(Family Affair world premieres in the US Documentary Competition at the 2010 Sundance Film Festival. It first screens on Friday, January 22nd, but has several more screenings throughout the week. Check the Sundance website for specific screening information, and be sure to visit the film’s official website to learn more.)
On the surface, those of us who have never had to suffer severe abuse at the hands of a parent, be it verbal, physical or sexual, do not necessarily look (or act) any differently from those children who have. As childhood and teenage photos of what appear to be three happy, well adjusted, doted upon, beautiful girls floats across the screen in Chico Colvard’s feature documentary debut, Family Affair (world premiering in the Sundance US Documentary Competition), the insidious nature of how deep and well-hidden a family’s dark secrets can go becomes almost too much to bear.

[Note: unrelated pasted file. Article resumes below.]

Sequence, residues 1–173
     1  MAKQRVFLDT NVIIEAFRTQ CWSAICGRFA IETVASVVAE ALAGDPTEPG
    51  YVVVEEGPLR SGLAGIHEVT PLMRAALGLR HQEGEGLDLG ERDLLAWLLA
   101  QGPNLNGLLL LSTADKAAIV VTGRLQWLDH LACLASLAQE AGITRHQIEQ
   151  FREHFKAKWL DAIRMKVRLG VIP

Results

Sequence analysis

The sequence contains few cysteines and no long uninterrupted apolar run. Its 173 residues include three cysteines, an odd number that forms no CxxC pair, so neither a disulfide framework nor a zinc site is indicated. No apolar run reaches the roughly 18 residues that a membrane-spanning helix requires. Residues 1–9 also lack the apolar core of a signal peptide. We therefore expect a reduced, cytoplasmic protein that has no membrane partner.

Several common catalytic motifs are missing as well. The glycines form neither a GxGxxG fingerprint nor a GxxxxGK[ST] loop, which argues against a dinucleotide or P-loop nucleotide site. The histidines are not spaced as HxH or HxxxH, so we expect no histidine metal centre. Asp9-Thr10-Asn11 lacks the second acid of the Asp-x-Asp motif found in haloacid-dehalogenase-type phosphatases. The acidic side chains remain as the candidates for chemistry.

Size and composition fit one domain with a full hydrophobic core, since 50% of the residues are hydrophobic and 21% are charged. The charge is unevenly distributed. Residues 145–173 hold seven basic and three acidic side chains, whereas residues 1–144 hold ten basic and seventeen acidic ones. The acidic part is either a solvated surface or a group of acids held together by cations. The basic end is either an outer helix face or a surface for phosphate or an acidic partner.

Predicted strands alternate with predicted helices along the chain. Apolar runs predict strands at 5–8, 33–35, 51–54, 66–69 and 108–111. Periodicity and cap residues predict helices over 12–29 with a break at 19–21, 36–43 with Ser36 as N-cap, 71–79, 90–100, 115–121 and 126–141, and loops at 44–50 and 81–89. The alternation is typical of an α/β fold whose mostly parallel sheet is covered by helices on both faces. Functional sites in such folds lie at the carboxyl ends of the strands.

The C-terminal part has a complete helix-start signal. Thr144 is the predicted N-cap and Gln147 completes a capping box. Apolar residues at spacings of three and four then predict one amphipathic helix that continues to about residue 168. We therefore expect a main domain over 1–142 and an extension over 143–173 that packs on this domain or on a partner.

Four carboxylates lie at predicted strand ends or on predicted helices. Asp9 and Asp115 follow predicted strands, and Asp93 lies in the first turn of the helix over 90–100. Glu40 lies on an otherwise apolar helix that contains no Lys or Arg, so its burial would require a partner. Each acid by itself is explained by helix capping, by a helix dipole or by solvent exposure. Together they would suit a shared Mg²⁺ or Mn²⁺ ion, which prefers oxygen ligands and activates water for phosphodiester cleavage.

For Colvard, the beginning of exposing his own family’s dark secrets started, unwittingly, innocently, as a little boy. In the kitchen of their home in Radcliff, Kentucky in 1978, he accidentally shot one of his sisters, tempted to pick up one of his father’s guns and, unfortunately, finding some bullets after watching his hero on television, The Rifleman. This explosion of violence shattered the family: father arrested and sent to prison after Pauline (Paula), believing she was going to die, tells their mother what is going on; all four children separated and scattered to different relatives’ homes; mother having to face the fact that the man physically and verbally abusing her was also having “affairs” with all three of their daughters. When the father (a black man raised in the segregated South, also an abused child, and on his own since 13 years of age) leaves prison after serving less than a year, the daughters run back to him, loyally, willingly, continuing to see him and have relations with him. The mother (a white German Jewish woman) then flees, abandoning the family entirely, profoundly betrayed by her own daughters. They never see her again. A story of Shakespearean proportions.